"Shocking For A Religion Neutral Country": Supreme Court On Hate Speeches Oct 21, 2022 https://www.youtube.com/watch?v=iN1P5JogyrM Two days after the United Nations Secretary-General Antonio Guterres criticised India over its human rights record and growing hate speeches during a three-day visit, the Supreme Court on Friday made some of its strongest comments yet on the subject.
Take Suo Motu Action Against Hate Speech Crimes Without Waiting For Complaint : Supreme Court LIVELAW NEWS NETWORK 21 Oct 2022 https://www.livelaw.in/top-stories/take-suo-motu-action-against-hate-speech-crimes-without-waiting-for-complaint-supreme-court-212282
the Court directed that these Governments should take suo motu action against any hate speech crime, without waiting for any complaint.
The Supreme Court’s observation on September 2 – that hate speech spread particularly by television channels is poisoning the country’s social fabric – has become something of a marker in national conversations. The court also simultaneously recognised the role of social media in this proliferation of hate.
How the Supreme Court Has Interpreted Hate Speech Over the Years | The Wire | Justice Madan Lokur https://www.youtube.com/watch?v=qEKoin1hZbA
736 views Oct 6, 2022 Justice Madan Lokur, who retired from the Supreme Court of India, spoke on the constitutional limits and judicial interpretations of hate speech at an online discussion on 'Defeating Hate, Defending the Constitution' organised by ANHAD and the Satark Nagrik Sangathan on October 2, 2022. In his speech,
Justice Lokur looked at how the Supreme Court has interpreted hate speech and the laws around it over the years, and why it is important to think about this question urgently and find solutions within the constitution.
How do we define public order..Not just law and order .
Germany tightens online hate speech rules to make platforms send reports straight to the feds June 19, 2020 https://techcrunch.com/2020/06/19/germany-tightens-online-hate-speech-rules-to-make-platforms-send-reports-straight-to-the-feds/ Germany’s existing Network Enforcement Act (aka the NetzDG law) came into force in the country in 2017, putting an obligation on social network platforms to remote hate speech within set deadlines as tight as 24 hours for easy cases — with fines of up to €50M should they fail to comply...Yesterday the parliament passed a reform which extends NetzDG by placing a reporting obligation on platforms which requires them to report certain types of “criminal content” to the Federal Criminal Police Office.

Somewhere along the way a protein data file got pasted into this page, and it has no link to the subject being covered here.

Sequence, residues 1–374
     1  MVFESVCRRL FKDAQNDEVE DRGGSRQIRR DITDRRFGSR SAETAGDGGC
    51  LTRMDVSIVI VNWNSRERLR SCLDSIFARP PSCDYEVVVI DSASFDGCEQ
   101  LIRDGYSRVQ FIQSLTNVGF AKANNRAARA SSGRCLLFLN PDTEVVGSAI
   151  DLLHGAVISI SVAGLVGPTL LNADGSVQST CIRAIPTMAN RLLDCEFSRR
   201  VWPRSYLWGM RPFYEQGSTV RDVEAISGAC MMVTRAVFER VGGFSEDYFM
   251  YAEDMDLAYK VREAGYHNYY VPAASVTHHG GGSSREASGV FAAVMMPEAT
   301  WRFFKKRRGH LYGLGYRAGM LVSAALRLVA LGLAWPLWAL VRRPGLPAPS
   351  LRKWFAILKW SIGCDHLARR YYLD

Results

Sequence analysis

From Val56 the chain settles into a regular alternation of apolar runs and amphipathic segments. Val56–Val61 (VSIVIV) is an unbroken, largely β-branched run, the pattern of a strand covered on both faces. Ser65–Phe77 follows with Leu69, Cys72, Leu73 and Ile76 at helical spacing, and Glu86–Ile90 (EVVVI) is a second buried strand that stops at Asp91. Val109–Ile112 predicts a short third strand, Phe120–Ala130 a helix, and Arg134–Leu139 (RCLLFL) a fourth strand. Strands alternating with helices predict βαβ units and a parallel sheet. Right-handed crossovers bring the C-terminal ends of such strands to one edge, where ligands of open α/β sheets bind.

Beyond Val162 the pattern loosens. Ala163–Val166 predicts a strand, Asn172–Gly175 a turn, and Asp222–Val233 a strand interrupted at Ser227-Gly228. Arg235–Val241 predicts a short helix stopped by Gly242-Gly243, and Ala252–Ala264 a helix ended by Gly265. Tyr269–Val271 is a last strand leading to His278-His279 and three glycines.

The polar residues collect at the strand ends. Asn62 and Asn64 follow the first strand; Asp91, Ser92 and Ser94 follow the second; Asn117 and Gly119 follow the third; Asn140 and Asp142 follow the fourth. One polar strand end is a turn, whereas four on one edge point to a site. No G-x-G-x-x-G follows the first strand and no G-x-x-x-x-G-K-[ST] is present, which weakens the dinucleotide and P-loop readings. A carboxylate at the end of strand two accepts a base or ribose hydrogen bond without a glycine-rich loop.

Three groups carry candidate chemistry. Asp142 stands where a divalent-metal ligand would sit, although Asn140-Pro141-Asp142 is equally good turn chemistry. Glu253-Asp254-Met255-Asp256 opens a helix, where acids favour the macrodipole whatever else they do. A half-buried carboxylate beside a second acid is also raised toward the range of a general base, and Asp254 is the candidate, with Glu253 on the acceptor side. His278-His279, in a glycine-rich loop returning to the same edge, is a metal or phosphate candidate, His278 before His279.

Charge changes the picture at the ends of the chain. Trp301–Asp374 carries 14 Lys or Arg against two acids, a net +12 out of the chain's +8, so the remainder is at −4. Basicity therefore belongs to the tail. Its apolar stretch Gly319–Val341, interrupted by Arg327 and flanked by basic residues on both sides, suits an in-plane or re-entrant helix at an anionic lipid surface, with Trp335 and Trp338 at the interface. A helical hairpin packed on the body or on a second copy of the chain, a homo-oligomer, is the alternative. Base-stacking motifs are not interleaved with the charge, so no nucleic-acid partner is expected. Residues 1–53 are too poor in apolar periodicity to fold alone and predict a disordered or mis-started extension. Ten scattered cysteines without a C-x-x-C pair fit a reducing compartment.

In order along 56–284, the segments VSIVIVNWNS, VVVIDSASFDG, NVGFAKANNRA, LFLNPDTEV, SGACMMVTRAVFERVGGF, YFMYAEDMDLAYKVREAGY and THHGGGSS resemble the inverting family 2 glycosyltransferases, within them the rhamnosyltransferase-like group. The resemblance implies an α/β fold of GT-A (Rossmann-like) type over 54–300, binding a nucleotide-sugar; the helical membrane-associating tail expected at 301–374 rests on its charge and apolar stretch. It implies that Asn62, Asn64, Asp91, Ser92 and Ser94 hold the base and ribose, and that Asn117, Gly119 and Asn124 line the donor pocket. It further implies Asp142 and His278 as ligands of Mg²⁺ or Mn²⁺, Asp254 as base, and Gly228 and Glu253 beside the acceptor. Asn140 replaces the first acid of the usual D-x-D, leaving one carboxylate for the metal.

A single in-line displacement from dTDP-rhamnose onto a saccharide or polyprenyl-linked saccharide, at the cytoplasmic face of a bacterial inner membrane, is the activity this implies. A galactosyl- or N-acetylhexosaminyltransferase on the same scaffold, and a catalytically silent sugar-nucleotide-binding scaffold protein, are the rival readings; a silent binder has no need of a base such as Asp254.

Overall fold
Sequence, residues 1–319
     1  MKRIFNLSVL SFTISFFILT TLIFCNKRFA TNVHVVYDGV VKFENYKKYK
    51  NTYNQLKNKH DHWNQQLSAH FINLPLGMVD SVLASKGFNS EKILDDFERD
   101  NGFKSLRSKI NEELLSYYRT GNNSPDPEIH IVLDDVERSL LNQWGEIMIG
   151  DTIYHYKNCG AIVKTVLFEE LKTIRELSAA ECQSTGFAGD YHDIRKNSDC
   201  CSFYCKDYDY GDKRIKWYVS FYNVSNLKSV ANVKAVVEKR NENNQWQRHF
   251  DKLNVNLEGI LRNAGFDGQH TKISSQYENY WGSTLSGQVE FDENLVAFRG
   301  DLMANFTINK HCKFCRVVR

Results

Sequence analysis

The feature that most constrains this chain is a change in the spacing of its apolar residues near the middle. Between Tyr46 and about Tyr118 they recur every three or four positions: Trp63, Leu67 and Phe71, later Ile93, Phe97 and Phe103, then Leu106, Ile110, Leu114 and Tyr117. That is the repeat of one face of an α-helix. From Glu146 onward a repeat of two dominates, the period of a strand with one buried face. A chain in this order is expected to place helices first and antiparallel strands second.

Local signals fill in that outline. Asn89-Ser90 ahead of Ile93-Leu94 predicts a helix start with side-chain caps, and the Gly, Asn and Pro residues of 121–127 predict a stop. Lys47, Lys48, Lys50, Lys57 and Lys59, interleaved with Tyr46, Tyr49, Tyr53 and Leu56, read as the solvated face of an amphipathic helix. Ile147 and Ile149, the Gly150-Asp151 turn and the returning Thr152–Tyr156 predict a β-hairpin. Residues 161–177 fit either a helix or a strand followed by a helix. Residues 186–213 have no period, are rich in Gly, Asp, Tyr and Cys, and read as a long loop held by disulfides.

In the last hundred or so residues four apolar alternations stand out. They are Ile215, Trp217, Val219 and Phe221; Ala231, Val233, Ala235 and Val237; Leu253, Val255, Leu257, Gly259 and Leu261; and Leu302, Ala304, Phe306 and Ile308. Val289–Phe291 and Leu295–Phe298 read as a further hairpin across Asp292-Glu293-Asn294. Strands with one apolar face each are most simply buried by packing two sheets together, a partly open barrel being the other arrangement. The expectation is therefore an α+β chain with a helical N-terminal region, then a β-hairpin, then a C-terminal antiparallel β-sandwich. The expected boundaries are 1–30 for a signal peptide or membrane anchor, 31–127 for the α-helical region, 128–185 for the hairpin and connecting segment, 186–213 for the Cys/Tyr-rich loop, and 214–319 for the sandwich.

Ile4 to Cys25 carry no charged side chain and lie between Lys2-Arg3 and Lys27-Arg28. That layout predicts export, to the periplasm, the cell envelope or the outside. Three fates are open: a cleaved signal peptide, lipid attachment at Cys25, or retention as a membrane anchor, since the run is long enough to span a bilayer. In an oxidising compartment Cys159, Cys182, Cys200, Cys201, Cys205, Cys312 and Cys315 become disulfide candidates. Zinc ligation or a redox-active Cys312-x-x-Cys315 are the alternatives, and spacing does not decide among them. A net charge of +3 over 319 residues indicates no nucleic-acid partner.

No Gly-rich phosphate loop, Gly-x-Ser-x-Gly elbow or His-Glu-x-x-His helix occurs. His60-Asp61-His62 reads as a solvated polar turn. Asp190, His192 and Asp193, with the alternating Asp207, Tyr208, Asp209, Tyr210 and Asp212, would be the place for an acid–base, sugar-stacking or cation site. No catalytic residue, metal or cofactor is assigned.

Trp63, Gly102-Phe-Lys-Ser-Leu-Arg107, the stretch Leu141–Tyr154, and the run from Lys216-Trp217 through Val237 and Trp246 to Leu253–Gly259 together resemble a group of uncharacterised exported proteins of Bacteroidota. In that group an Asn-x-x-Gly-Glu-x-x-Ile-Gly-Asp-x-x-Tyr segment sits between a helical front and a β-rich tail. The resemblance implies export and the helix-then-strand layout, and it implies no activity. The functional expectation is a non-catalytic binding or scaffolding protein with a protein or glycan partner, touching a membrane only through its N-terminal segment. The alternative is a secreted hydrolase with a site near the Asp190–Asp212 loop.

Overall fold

A wider reform of the NetzDG law remains ongoing in parallel, that’s intended to bolster user rights and transparency, including by simplifying user notifications and making it easier for people to object to content removals and have successfully appealed content restored, among other tweaks. Broader transparency reporting requirements are also looming for platforms.
The NetzDG law has always been controversial, with critics warning from the get go that it would lead to restrictions on freedom of expression by incentivizing platforms to remove content rather than risk a fine. (Aka, the risk of ‘overblocking’.) In 2018 Human Rights Watch dubbed it a flawed law — critiquing it for being “vague, overbroad, and turn[ing] private companies into overzealous censors to avoid steep fines, leaving users with no judicial oversight or right to appeal”.
The Impact of the German NetzdG law https://www.ceps.eu/ceps-projects/the-impact-of-the-german-netzdg-law/ Germany’s Network Enforcement Act, or NetzDG law represents a key test for combatting hate speech on the internet. Under the law, which came into effect on January 1, 2018, online platforms face fines of up to €50 million for systemic failure to delete illegal content. Supporters see the legislation as a necessary and efficient response to the threat of online hatred and extremism. Critics view it as an attempt to privatise a new ‘draconian’ censorship regime, forcing social media platforms to respond to this new painful liability with unnecessary takedowns.
This study shows that the reality is in between these extremes. NetzDG has not provoked mass requests for takedowns. Nor has it forced internet platforms to adopt a ‘take down, ask later’ approach. At the same time, it remains uncertain whether NetzDG has achieved significant results in reaching its stated goal of preventing hate speech.
Comment: Is it similar to our SC atrocities act?
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